In gestural development, the infant will begin to reach and raise their arms. Between 10 and 12 months, deictic gestures will begin to appear.
The infant will pull to stand around 10 months.
The infant begins to recognize familiar words. This is an incredible cognitive achievement, because the child's brain has begun to find ways to break up the adult speech stream.
The infant begins to wave hi or bye around 11 months.
Between 11 and 14 months, variegated babbling emerges.
At 12 months, functional gestures begin to appear. Iconic gestures appear between 12 and 15 months. Additionally, we begin to see pragmatic functions between 12 and 18 months, including: naming/labelling, requesting actions, exclaiming, protesting/rejecting, calling, and routine. During this 12 to 18 month range, we also see functional/relational play emerge.
At one year, the child begins stacking blocks on top of one another.
The child begins to produce their first words! This typically emerges between 12 and 15 months. Between 12 and 18 months, the child will begin to use the negative "no" at the single word level. There is no tense or aspect marking during this 12 to 18 month range. Receptive language continues to develop; now the child prefers the correct word order in speech. In questions, or interrogatives, the child will rely on intonation or interrogative words alone between 12 and 22 months.
The child can find a hidden object; this is an important milestone in object permanence.
At 13 months, the child will begin to clap their hands.
At 14 months, the infant continues to understand more words than they can say, but their spoken vocabulary has expanded to approximately three to five words.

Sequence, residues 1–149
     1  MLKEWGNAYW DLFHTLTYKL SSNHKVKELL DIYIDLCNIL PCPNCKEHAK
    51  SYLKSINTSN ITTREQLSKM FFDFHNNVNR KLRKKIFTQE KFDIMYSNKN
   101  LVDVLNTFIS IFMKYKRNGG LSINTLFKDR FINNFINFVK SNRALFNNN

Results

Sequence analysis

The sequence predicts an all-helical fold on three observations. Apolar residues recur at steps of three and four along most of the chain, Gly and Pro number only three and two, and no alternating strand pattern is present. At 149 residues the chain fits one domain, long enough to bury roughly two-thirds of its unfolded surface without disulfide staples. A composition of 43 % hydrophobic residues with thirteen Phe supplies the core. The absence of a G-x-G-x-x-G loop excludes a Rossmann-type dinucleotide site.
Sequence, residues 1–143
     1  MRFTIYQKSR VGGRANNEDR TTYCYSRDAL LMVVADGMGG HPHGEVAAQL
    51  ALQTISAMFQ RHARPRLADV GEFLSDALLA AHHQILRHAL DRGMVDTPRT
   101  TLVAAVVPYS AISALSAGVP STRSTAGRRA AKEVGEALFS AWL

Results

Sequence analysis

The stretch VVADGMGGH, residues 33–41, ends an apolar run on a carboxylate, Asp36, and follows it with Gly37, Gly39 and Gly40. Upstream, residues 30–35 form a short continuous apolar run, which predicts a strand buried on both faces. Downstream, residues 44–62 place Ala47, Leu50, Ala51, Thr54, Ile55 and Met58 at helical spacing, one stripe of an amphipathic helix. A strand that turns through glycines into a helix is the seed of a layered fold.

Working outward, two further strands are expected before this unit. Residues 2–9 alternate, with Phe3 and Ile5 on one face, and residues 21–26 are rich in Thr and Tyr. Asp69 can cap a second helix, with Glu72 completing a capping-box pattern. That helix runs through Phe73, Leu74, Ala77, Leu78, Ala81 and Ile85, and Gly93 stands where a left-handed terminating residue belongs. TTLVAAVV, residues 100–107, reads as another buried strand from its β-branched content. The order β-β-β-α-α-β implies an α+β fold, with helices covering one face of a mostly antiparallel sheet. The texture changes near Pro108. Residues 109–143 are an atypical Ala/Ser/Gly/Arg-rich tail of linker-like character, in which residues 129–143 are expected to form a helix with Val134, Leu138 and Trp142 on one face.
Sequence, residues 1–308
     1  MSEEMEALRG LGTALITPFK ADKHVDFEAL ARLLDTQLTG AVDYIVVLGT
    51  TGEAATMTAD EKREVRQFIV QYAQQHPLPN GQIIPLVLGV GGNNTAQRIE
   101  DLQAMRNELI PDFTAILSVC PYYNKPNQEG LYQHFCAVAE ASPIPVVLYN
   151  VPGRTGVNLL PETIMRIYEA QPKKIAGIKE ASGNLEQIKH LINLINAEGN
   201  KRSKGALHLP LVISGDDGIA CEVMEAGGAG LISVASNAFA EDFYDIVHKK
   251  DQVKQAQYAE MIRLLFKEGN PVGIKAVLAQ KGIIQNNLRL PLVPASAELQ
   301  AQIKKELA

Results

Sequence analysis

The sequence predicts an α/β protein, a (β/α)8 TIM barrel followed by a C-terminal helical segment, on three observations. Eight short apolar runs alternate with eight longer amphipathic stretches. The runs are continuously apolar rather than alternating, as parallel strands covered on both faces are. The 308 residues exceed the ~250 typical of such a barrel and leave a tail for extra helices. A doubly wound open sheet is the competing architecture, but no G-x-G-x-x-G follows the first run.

Symbolic gestures begin to emerge around 15 to 16 months.
At 15 months, the child will begin to walk independently.
The child's receptive vocabulary has grown to include around 90 to 320 words.
At 17 months, the child is able to use word order to interpret sentences.
Pragmatic functions, such as repeating/practicing, verbal accompaniments to action, direct requesting and demanding, content questioning, statements, declarations, and comments develop between 18 and 24 months. After 18 months, the child begins to engage in symbolic/pretend play.
The child begins to produce two-word utterances between 18 to 20 months; they have approximately 50 words in their productive vocabulary. 18 months marks the beginning of the vocabulary spurt as well. Negatives use "no" to negate, but still omit the subject. This continues from 18 to 27 months.
The child can begin finding objects hidden by others, and learn to use objects to influence their world. At 18 months, object permanence and mean-ends behavior has been fully achieved.
The child masters the present progressive -ing between 19 and 28 months, but without the auxiliary verb.
The child will begin using interrogatives that include:
"what + noun phrase + (doing)?"
"Where + noun phrase + (going)?"
At two years, the child will begin to engage in spectator/onlooker play, and parallel play will emerge at 2 and a half years. The child begins to use centering narratives to tell others about familiar sequences and events, and between 2 and 3 years they will begin using centering narratives about self-generated, fictional events.
At 24 months, the child will begin to use writing utensils to draw.
The child starts to use negatives in uncontracted forms between 30 to 36 months. Locational prepositions (in, on, and to) appear at two years. Between 28 to 30 months, the child will begin to use "no" to negate, but now with the subject. Auxiliary verbs emerge around 30 months, including: can't, don't, won't, do, have, can, be, and will. The child's average MLU is around 2. They will begin to use the possessive -'s between 26 and 40 months. The regular third person -s emerges between 26 and 46 months; while the regular past -ed emerges between 26 to 48 months. The child continues to use interrogatives, but now with the verb phrase/predicate, and this skill emerges between 28 and 30 months. Additionally, the interrogatives include some auxiliary verbs and add the copula (33 to 37 months). Lastly, a stage known as pre-reading, emergent literacy, or early literacy begins between 2 and 6 years.